Eddie Cahill: The first time I put the pads on was actually at the final audition for the movie, which was a game that we played. I myself didnt have an appreciation for the physicality having never done it. The economy of motion is so small but so concentrated. [Its] so compact and you have to do so many things at once. You have to be incredibly focused, so relaxed, so fast, and I dont know how to describe it other than its more than Ive ever sweat in my entire life. Its more than my legs have ever done in my entire life, no matter how far I ran, getting across that crease for the first time was quite an endeavor. I absolutely developed an appreciation physically.
Jim Craig: You know whats really funny? When I try to explain playing goal [its as] if you go to work all day and you come home and youre a different type of tired than if you go out and do manual labor. Well, goal is both. You have manual labor and youve got all that stress. Its almost like the movie Terminator. When a person comes up the ice, there are 10 things a person can do, then there are 7 things a person can do youre eliminating things as a person comes at you. You are eliminating options. You are like a coach because you need to know everybodys position and where it could go and where it should go and why it should go. I think why I was better at European or International hockey was because they were much more intelligent when they play. The NHL is more like they shoot from everywhere. It doesnt make sense. And so it was really a lot of fun for me to play internationally. But the challenge of goal is so much of a mind game.
Eddie Cahill: One more thing dawned on me about the challenge of goaltending, which doesnt look like much one of the hardest things that I had to learn was the commitment to stillness and how exhausting that can be. Waiting for something to happen because you dont do as a goalie and Jimmy and I have talked about this you wait for something to happen and then you react. That sort of stillness and focus infiltrates the whole because its an aggressive stillness, an acquired stillness. Theres a lot going on there.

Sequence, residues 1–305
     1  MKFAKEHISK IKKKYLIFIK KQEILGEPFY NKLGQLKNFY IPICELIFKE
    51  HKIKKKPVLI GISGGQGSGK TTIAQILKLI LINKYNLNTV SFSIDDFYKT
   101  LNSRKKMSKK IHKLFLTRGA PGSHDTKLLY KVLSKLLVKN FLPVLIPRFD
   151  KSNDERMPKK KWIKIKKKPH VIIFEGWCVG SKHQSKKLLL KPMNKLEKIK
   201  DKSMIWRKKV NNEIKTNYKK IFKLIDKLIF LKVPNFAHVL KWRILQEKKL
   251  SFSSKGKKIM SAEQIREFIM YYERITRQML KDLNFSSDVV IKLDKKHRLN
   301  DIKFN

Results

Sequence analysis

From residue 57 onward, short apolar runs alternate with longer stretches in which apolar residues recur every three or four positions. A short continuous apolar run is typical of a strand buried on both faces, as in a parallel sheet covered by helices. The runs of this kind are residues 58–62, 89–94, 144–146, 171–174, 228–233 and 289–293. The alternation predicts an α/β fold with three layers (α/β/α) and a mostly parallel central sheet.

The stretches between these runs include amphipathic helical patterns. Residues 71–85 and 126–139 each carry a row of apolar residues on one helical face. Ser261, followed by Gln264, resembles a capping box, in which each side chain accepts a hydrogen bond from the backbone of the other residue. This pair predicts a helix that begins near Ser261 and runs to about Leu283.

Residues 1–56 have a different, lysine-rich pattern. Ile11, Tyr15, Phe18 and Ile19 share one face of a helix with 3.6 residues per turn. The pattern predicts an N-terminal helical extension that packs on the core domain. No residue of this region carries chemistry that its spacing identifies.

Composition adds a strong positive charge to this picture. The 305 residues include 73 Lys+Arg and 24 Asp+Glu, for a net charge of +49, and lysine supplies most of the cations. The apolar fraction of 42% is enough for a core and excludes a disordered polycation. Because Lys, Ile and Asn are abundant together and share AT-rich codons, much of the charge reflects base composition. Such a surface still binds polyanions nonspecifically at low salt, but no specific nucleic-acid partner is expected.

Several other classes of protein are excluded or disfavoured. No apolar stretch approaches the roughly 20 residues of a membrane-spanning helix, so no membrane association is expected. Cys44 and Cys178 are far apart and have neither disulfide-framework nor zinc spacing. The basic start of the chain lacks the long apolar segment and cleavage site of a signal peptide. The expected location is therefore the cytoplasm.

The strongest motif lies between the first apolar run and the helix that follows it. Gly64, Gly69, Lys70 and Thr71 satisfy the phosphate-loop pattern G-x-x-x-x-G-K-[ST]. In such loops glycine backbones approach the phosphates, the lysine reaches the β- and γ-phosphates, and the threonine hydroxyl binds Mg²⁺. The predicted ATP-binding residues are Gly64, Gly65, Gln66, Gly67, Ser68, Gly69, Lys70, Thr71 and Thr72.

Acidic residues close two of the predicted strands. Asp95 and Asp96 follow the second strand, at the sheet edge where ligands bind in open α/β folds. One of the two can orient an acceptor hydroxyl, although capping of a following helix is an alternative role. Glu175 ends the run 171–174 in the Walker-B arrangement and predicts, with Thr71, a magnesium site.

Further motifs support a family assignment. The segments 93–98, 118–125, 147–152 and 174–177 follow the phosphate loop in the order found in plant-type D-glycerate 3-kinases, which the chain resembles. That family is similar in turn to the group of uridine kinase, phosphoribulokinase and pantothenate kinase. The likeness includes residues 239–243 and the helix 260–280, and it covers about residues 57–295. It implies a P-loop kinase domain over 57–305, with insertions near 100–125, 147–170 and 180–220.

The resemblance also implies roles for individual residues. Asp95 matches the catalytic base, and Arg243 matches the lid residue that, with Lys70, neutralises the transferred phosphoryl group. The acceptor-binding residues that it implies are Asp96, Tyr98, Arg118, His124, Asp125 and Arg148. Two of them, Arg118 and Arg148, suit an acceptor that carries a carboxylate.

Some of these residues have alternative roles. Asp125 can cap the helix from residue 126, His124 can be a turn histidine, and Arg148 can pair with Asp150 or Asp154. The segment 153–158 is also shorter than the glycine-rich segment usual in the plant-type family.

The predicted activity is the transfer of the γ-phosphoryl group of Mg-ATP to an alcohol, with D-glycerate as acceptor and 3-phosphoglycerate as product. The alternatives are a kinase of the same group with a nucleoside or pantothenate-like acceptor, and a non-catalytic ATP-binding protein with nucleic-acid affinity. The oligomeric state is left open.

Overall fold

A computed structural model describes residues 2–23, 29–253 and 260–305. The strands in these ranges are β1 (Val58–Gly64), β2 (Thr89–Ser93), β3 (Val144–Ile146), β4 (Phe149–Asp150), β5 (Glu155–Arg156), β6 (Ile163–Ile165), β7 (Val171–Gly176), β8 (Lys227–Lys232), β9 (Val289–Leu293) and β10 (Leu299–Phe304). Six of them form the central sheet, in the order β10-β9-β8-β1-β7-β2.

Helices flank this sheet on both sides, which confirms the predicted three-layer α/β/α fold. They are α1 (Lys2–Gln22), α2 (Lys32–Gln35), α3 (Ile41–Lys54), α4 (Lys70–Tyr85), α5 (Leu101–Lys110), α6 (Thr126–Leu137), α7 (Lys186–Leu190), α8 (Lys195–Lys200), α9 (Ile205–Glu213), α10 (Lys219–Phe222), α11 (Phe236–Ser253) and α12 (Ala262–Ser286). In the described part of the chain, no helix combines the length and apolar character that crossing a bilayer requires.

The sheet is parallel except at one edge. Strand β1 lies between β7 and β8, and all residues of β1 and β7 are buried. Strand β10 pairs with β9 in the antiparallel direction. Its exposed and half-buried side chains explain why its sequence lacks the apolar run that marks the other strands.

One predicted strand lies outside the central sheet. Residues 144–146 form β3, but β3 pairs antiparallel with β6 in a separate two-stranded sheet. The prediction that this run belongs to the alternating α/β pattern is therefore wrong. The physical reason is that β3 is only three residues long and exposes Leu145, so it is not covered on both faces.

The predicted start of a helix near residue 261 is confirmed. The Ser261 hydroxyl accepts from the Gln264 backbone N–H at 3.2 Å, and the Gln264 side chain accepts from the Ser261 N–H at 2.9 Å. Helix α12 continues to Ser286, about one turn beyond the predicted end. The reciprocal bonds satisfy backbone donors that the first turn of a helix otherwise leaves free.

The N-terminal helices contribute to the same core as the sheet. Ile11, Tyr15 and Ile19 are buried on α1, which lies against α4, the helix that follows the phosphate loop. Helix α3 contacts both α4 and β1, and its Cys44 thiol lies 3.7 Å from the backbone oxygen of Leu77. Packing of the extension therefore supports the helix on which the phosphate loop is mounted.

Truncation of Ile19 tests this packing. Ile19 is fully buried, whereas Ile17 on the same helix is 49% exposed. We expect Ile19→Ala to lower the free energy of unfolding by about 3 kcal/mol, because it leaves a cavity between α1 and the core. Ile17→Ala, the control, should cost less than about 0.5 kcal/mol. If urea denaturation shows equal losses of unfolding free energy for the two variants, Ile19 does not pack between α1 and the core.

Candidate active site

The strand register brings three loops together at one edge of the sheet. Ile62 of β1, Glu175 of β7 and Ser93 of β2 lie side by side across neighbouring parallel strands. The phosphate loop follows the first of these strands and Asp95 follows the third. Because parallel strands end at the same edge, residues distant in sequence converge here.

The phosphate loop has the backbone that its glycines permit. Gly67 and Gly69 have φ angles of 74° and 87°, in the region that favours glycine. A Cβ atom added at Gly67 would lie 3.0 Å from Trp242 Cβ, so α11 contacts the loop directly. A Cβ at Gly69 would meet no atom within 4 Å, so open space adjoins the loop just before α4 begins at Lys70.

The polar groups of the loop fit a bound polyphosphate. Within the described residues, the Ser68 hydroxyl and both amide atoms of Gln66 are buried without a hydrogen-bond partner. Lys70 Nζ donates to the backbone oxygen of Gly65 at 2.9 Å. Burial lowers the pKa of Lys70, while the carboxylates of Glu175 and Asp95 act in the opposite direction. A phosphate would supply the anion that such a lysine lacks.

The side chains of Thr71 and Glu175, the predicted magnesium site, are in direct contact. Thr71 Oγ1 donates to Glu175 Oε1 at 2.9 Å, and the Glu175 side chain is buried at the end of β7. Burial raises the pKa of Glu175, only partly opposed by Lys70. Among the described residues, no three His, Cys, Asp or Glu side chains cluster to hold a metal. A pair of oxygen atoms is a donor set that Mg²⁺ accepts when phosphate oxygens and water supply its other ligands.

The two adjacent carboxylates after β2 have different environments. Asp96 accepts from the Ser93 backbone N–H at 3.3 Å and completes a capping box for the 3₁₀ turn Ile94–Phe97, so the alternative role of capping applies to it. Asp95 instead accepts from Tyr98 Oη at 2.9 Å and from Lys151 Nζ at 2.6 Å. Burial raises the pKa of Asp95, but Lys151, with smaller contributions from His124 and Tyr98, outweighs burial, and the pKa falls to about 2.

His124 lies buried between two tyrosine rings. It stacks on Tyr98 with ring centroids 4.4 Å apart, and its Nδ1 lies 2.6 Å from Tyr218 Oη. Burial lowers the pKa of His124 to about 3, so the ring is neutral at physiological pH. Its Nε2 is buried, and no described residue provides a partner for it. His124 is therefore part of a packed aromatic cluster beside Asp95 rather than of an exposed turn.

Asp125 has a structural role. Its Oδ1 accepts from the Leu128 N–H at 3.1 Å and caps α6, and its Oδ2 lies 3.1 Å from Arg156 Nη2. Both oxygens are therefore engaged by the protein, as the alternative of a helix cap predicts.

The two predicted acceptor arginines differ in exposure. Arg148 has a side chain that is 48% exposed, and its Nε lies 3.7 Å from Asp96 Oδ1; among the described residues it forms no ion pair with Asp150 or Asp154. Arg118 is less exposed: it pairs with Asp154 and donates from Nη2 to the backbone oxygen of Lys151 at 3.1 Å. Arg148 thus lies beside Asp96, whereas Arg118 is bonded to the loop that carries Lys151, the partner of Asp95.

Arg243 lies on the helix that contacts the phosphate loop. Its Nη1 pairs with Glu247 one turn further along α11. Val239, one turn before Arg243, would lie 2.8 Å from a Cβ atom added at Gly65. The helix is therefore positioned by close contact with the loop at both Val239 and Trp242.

Jim Craig: Another thing about goaltending is you have to understand the weaknesses and strengths of every player and you have to be able to utilize those strengths and weaknesses. Its almost like a guy without a lot of hair. You push it over here and you have to be able to take peoples talents and utilize them.
Given your recent TV experiences on Friends, was it hard for you to persuade the filmmakers that you could do something like this?
Eddie Cahill: I dont know. All I know is that I had him to inspire me initially, and then I just ran after it. The second I knew it was a movie, the second I knew they were doing this, I ran I ran I ran and did whatever I had to do.
Why was the movie so important to you?
Eddie Cahill: It was an opportunity to play one of my heroes. Obviously it was Jimmys talents that inspired me at first, then it became the small things. It was the little things like seeing two Shamrocks on the mask. Being an Irish-American, watching him look for his father in the crowd and knowing my relationship with my father, it moved me. And that sort of took over. I wasnt thinking necessarily anything, just do what youve got to do to try and make this happen. Run as far as you can and if youve got to, put the goal pads on. The first time I did was in an audition. Id never done it.
The movie makes a big deal of the test Herb Brooks gave to his players. Did you ever end up taking the test?
Jim Craig: Whats really funny is that I have a really good memory but I was with Danny Brooks and he was saying, You know, you really pissed my dad off when you didnt take that test. I dont remember because at that time in my life, dealing with losing my mother and my father being at home, I was taking it day by day. I didnt know how long it was going to last there. Every time Id call home [it would be], How are you doing? Heres a man who has a wife of 40 years and hes got two teenage boys, and she did everything. All of a sudden now hes there by himself. Im calling home, Hows he doing? He started knitting, he sat at home, he didnt get rid of her clothes it was a very traumatic time. And so taking a test wasnt a big deal to me, but it was a big deal to him. It was so trivial to me at that time. Here I was, Im here to play hockey. It wasnt defiance that I wasnt doing it, it was like I was overloaded. Oh, I didnt take it? I didnt know.